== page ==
Another sign that shows a dog may be in pain is reluctance or refusal to eat. As a result, the dog may become lethargic, weak, and over a period of time, may also become depressed.

In addition to having chronic joint pain, dogs with arthritis also show signs of limb dysfunction. This means that the dog cannot move normally or the movement is limited. For example, there is decreased joint range of motion such as the inability to bend or extend a joint fully. Limb dysfunction can also be caused by muscle weakness or atrophy. Because the dog uses the painful limb less, muscle mass in that limb will eventually be lost.

To learn more about treatment options for canine osteoarthritis, please visit Dog Arthritis Treatment.

Learn more about common dog illnesses and symptoms, as well as their treatment and home remedies: Dog Illnesses N Symptoms.com

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If you have a dog nearing old age, the best thing you can do is watch for the common symptoms associated with arthritis. Common symptoms include a reluctance to walk, jump, or play, limping, a sudden reaction to you touching a sore joint (snaps at you or yelps with pain), favoring one leg over another, difficulty getting up and an increasing stiffness in the morning.
If your companion is showing signs of arthritis there are many things you can do to make her feel more comfortable.
First of all, is she carrying a few extra pounds? If so, help her lower her weight through diet and mild exercise. Those extra pounds are causing her great discomfort.
Where does she sleep? If she sleeps with you in your bed, place a footstool at the side of the bed so she doesn't have to jump to get up there. If she sleeps on the floor, consider buying her an orthopedic dog bed. They distribute the dog's weight evenly and reduce the pressure points on the dog's joints.
Make it easy for her to get water. Place several bowls of water around your home; particularly if you live in a large home so she doesn't have to walk too far to get a drink. If her arthritis is painful enough she'll fore-go the water her body needs to avoid the pain of walking.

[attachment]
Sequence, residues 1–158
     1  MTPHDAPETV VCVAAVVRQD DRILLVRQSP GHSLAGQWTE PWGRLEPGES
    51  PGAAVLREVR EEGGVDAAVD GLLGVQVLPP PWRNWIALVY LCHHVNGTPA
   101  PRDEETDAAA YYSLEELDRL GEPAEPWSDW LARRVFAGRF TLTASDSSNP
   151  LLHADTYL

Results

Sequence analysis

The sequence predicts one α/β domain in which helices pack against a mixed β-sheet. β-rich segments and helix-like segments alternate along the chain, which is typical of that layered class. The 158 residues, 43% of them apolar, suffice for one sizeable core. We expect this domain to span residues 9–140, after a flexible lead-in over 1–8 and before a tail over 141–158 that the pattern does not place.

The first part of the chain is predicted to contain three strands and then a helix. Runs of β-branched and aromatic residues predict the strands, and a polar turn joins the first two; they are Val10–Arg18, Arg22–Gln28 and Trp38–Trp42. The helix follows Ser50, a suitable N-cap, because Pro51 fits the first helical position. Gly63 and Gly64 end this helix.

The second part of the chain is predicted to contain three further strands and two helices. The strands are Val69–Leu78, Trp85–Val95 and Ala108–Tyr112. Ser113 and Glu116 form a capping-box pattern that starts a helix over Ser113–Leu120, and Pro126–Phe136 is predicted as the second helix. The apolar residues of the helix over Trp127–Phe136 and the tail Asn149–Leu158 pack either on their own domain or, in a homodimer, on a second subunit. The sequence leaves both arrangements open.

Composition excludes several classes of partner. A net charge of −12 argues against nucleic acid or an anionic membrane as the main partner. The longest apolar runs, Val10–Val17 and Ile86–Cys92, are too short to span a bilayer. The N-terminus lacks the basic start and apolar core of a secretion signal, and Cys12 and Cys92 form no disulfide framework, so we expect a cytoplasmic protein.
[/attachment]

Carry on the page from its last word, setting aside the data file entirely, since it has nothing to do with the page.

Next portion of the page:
Speaking of water bowls, place her water and food bowls at her height so she doesn't have to bend her neck to the ground to eat and drink. This eliminates the stress on her back and neck muscles.
Keep her warm. Just like people, dogs with arthritis feel the pain more in cold, damp climates. Put a sweater or a jacket on her when she goes outside to reduce the chill on her joints.
If she's having a very difficult time standing up, consider getting a lift for her. They are designed specifically for dogs so they are comfortable for her and easy for you to use.
If you have a breed that swims, swimming is an excellent exercise for her. Just like people, dogs feel less pressure on their joints while exercising in water. However, if you have a breed that cannot swim - like a bulldog - or a dog that does not enjoy the water, do not put them in water...even with a life jacket. It will cause more stress than the benefit of the water.
Andi Anderson shares her stories on dogs and dog ownership at http://www.dogloversdogblog.blogspot.com.